BPA makes a good-faith attempt to notify all landowners prior to any vegetation management or transmission line maintenance work. BPA works with landowners to address all sensitive areas (e.g., wells, community gardens) along the right-of-way, particularly when considering the spot application of herbicides. BPA endeavors to use the least toxic herbicides commercially available – in this case, Garlon 3A. Garlon 3A is a common class of herbicide chosen for its safety and effectiveness by numerous states, counties, communities and electrical utilities throughout the Northwest. BPA does not apply herbicides within 164 feet from any known private or public wellheads. BPA will work with landowners to resolve encroachments into the right-of-way or access roads to BPA’s easement.
To request an appointment with a BPA natural resource specialist, please email Communications@bpa.gov. BPA will set up a time to address your concerns. While BPA will work to accommodate specific landowner concerns when feasible, our vegetation management work is designed to ensure the reliability of the bulk electric grid in the Northwest as well as the safety of BPA’s line crews, the public, and landowners.
9. Why has BPA expanded its vegetation management program?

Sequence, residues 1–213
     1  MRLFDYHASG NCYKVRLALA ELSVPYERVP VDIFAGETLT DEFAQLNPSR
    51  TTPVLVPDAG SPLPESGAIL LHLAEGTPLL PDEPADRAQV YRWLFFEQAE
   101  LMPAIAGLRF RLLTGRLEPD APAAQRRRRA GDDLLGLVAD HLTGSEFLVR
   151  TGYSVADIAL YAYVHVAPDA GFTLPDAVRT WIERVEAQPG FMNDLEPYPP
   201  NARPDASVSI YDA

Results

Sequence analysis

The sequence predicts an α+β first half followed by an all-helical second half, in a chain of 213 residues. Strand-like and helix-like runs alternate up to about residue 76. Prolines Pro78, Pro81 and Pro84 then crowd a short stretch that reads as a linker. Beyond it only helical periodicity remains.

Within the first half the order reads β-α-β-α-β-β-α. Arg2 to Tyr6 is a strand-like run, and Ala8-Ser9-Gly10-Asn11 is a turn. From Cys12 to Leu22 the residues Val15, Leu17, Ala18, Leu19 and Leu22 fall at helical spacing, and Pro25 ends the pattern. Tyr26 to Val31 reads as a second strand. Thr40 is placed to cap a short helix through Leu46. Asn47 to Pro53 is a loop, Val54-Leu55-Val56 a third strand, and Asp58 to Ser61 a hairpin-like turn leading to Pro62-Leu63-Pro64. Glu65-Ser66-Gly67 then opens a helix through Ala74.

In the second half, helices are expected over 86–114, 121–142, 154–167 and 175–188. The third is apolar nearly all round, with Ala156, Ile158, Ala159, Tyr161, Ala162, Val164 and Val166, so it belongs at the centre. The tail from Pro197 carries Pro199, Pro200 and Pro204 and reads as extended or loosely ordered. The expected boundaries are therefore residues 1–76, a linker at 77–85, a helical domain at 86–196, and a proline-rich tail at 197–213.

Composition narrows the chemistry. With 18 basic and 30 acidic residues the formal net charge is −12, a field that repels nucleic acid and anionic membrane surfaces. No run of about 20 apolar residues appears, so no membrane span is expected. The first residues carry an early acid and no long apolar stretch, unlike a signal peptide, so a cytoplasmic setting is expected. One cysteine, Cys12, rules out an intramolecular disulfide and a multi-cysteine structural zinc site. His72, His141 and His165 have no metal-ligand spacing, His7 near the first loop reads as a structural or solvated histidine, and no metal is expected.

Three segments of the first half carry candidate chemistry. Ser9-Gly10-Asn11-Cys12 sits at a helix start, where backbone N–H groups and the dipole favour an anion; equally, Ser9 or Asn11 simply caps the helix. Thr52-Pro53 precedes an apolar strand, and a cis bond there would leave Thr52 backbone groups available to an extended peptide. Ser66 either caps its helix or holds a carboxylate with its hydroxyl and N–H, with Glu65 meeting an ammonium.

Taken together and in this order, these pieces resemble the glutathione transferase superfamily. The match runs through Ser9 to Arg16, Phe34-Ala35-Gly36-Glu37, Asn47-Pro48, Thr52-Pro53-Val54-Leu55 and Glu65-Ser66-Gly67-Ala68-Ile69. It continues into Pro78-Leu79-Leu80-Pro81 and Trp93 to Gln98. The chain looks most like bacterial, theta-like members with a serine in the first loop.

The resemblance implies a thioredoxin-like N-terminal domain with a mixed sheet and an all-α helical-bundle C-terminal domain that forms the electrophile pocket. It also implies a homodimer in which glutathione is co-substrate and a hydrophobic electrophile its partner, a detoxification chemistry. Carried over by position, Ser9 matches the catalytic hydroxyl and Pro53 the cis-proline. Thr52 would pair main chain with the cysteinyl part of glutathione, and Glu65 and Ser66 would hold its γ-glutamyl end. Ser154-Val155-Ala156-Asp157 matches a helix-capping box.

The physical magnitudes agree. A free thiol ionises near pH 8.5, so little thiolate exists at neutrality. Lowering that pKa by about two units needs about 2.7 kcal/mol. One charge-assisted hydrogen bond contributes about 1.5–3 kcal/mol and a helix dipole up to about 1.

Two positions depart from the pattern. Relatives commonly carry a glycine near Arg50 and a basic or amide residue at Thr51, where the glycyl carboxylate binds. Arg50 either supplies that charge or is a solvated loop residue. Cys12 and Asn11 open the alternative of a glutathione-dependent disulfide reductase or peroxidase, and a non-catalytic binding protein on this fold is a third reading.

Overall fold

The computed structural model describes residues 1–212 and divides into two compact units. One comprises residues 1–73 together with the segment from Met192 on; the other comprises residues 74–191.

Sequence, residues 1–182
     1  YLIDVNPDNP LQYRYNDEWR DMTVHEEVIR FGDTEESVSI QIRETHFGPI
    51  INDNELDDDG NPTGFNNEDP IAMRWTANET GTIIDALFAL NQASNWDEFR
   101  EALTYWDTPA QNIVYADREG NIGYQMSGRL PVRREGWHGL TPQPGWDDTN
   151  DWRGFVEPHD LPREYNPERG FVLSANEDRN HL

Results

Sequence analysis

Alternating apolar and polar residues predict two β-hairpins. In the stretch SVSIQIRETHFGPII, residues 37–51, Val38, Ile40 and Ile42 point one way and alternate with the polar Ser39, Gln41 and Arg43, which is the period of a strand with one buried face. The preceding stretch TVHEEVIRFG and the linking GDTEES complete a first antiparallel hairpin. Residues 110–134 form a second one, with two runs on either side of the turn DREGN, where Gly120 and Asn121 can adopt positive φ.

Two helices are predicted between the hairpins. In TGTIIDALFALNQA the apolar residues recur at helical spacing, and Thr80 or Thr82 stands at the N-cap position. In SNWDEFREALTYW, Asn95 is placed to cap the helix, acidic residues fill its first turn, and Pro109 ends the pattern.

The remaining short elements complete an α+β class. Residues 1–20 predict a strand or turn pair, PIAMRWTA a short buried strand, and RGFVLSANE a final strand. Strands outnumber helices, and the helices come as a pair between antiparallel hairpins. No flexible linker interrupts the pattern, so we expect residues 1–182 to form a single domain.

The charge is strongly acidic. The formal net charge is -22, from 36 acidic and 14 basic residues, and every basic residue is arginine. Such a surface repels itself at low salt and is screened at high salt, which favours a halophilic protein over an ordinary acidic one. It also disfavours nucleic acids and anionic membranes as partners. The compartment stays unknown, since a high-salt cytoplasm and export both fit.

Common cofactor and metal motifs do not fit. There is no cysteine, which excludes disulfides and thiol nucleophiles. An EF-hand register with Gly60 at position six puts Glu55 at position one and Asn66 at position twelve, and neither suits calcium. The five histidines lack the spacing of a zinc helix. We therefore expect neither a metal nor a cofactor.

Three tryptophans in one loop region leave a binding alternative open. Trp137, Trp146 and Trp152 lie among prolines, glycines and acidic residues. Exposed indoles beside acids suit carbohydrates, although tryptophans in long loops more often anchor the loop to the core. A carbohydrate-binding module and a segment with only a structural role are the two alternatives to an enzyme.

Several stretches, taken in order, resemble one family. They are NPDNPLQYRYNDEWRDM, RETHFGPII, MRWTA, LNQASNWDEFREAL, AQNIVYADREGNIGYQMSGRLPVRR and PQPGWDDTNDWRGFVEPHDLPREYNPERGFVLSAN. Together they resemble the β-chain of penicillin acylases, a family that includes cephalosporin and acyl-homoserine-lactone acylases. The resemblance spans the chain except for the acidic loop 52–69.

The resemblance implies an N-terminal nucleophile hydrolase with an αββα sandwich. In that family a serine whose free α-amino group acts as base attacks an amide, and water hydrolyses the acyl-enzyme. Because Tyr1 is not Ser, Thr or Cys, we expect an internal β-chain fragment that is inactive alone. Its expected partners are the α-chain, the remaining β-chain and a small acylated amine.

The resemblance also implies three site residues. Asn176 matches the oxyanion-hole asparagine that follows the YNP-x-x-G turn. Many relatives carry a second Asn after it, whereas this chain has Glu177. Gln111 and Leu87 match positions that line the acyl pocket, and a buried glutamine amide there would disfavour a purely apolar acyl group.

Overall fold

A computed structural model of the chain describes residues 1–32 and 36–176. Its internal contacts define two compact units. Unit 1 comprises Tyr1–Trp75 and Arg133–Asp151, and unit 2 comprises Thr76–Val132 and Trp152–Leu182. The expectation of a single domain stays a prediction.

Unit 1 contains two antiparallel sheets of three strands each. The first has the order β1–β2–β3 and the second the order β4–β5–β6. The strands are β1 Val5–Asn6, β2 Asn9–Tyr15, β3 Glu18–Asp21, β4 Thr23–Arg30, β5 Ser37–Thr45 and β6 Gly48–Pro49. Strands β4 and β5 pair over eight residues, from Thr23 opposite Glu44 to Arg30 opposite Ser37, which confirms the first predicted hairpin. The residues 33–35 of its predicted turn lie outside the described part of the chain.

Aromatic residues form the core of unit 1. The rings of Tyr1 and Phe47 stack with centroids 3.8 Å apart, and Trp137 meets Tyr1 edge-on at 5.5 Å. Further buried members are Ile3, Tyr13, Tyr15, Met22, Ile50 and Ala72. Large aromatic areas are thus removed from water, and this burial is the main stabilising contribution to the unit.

BPA has not expanded its vegetation management program. Puget Sound Energy’s approach to vegetation management was based on its own tolerance for risk and its own annual vegetation management cycle. BPA’s approach is based on a 3-year vegetation management cycle and BPA’s own tolerance for risk as the owner and operator of 15,000 circuit miles of high-voltage transmission across Oregon, Washington, Montana, and Idaho, as well as portions of California, Nevada, Utah, and Wyoming. Maintaining the vegetation along BPA’s infrastructure is critical to the reliability of the bulk electric grid in the Northwest as well as the safety of BPA’s line crews, the public, and landowners. Puget Sound Energy’s and BPA’s approaches to vegetation management both adhere to the standards and guidelines of the Western Electricity Coordinating Council. WECC is tasked with ensuring enforcement compliance in the region with the reliability standards of the North American Electric Reliability Corporation.